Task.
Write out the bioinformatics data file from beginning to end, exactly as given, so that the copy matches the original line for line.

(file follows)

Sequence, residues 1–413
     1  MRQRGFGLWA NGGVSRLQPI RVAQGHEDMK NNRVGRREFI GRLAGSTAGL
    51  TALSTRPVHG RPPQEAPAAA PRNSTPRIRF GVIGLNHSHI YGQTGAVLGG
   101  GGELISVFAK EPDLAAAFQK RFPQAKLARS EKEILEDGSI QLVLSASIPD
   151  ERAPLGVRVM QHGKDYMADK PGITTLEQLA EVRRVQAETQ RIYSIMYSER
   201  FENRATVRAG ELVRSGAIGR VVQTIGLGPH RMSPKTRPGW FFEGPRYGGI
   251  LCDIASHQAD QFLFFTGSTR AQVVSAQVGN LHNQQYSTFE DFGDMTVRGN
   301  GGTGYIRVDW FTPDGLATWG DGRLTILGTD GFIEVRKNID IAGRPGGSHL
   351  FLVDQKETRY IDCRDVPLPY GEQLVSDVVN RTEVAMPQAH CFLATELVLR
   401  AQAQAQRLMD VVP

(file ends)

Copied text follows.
Sequence, residues 1–413
     1  MRQRGFGLWA NGGVSRLQPI RVAQGHEDMK NNRVGRREFI GRLAGSTAGL
    51  TALSTRPVHG RPPQEAPAAA PRNSTPRIRF GVIGLNHSHI YGQTGAVLGG
   101  GGELISVFAK EPDLAAAFQK RFPQAKLARS EKEILEDGSI QLVLSASIPD
   151  ERAPLGVRVM QHGKDYMADK PGITTLEQLA EVRRVQAETQ RIYSIMYSER
   201  FENRATVRAG ELVRSGAIGR VVQTIGLGPH RMSPKTRPGW FFEGPRYGGI
   251  LCDIASHQAD QFLFFTGSTR AQVVSAQVGN LHNQQYSTFE DFGDMTVRGN
   301  GGTGYIRVDW FTPDGLATWG DGRLTILGTD GFIEVRKNID IAGRPGGSHL
   351  FLVDQKETRY IDCRDVPLPY GEQLVSDVVN RTEVAMPQAH CFLATELVLR
   401  AQAQAQRLMD VVP